Luke 20:20-26 Steve Heyduck
20 The legal experts and chief priests were watching Jesus closely and sent spies who pretended to be sincere. They wanted to trap him in his words so they could hand him over to the jurisdiction and authority of the governor. 21 They asked him, “Teacher, we know that you are correct in what you say and teach. You don’t show favoritism but teach God’s way as it really is. 22 Does the Law allow people to pay taxes to Caesar or not?” 23 Since Jesus recognized their deception, he said to them, 24 “Show me a coin. Whose image and inscription does it have on it?” “Caesar’s,” they replied. 25 He said to them, “Give to Caesar what belongs to Caesar and to God what belongs to God.” 26 They couldn’t trap him in his words in front of the people. Astonished by his answer, they were speechless.
This is one of the most difficult passages in all of scripture for us to understand well today! After all, when was the last time the world had an actual “Caesar”?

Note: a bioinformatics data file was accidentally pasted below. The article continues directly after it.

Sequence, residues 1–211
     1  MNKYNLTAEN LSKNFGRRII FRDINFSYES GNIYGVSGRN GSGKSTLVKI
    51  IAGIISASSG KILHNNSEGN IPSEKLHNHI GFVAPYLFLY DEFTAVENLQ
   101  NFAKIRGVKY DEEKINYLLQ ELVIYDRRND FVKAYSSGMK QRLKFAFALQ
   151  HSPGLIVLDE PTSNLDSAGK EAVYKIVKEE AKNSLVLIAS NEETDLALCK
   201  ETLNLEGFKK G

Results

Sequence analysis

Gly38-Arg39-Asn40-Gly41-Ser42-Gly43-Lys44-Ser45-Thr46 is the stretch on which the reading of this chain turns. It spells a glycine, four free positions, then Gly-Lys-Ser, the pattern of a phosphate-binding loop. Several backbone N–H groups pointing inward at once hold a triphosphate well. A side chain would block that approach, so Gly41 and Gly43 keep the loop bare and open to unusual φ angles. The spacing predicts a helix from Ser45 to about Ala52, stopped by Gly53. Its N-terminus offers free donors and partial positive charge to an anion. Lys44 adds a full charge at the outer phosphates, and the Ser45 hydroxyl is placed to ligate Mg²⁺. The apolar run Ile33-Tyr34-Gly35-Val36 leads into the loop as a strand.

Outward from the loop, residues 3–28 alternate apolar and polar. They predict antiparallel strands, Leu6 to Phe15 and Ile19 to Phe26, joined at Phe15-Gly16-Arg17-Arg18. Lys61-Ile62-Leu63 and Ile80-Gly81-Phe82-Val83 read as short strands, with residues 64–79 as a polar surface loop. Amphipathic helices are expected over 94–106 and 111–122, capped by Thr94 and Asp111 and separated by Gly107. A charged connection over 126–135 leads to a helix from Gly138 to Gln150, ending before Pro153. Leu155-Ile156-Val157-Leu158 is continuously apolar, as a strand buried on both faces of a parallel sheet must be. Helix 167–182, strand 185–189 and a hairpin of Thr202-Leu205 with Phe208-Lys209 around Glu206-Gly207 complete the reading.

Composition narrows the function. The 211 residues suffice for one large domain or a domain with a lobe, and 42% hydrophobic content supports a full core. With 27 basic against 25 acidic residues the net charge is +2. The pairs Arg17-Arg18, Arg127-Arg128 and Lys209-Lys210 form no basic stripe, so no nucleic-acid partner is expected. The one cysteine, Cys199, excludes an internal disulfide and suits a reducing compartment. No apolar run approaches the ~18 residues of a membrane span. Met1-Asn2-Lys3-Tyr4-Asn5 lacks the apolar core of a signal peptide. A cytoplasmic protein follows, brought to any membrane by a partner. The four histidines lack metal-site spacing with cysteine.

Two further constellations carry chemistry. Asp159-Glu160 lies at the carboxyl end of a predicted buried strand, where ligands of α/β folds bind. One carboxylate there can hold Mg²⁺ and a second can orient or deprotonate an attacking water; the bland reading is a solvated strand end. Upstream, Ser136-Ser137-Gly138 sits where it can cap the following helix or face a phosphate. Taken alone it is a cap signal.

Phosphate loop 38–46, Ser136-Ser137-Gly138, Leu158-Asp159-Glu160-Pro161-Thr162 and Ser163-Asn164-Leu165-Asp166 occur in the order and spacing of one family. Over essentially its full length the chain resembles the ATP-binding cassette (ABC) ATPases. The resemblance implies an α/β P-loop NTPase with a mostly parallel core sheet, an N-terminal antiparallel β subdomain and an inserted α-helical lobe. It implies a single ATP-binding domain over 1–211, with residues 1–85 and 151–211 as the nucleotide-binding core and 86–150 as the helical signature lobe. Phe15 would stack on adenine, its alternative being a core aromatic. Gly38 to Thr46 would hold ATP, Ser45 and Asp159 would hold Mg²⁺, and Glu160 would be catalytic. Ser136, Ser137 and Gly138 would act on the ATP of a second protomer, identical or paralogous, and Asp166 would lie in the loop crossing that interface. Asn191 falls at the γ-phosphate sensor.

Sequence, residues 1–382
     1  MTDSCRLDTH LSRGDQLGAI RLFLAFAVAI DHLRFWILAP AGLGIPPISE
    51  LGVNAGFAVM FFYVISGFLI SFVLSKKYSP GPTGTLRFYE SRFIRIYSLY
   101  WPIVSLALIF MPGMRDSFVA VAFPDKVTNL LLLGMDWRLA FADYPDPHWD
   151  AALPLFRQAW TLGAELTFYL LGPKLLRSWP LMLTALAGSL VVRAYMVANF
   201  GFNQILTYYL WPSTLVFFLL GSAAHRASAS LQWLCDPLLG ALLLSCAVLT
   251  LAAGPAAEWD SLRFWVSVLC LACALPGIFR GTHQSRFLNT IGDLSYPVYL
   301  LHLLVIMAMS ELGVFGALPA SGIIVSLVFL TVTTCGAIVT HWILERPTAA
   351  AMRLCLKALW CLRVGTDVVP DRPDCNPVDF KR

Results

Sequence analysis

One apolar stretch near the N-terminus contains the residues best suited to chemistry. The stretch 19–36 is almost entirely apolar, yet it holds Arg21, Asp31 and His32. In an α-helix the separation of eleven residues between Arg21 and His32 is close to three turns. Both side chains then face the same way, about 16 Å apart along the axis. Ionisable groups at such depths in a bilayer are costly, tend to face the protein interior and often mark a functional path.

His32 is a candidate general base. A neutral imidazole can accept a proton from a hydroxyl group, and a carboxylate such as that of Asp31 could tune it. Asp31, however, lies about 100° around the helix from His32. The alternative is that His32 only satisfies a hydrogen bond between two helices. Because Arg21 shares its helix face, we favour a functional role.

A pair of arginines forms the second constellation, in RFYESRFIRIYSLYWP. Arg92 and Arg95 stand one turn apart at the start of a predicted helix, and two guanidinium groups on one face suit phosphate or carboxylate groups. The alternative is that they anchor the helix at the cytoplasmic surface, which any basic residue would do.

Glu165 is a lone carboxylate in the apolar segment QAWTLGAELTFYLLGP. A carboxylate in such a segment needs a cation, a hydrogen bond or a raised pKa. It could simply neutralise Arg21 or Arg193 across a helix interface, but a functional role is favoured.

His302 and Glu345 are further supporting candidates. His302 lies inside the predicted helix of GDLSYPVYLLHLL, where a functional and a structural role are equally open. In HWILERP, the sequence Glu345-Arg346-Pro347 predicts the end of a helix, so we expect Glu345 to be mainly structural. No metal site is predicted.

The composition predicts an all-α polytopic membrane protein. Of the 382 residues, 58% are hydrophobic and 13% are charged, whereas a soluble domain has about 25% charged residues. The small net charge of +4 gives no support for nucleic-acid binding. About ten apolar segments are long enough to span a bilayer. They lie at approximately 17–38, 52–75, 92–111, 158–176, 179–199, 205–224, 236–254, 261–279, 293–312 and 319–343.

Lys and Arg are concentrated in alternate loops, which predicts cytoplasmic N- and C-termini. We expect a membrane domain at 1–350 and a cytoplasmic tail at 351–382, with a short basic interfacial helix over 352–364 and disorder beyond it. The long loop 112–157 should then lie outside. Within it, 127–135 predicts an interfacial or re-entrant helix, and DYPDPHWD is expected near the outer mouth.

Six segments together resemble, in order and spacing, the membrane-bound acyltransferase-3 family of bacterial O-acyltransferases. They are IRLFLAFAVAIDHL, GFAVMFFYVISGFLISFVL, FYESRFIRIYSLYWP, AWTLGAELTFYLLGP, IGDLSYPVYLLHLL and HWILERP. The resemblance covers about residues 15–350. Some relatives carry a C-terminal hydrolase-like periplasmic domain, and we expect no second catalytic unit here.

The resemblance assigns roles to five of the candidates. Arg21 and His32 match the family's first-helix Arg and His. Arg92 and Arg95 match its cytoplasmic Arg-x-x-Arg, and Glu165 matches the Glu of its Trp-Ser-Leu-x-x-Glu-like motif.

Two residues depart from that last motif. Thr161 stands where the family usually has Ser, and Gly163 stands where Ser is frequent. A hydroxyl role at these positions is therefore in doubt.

Though the word “idolatry” doesn’t appear here, this story is about idolatry. We tend to think of idols as objects, such as a golden calf, that people worship in the place of God. The Bible, and especially this story, wants us to recognize that idols can also be ideas or even people or institutions. Idols are whatever might be worshipped in the place of God.
Most Americans probably find it hard to relate to the way the world worked in Jesus’ day. Caesar was the emperor and could, on a whim, send armies into any part of the empire. Caesar could demand taxes be paid, or could double or triple the taxes that were required. In other words, Caesar made demands on people, and the people had to obey or risk imprisonment, or worse.
Prayer: For all who confuse Caesar for God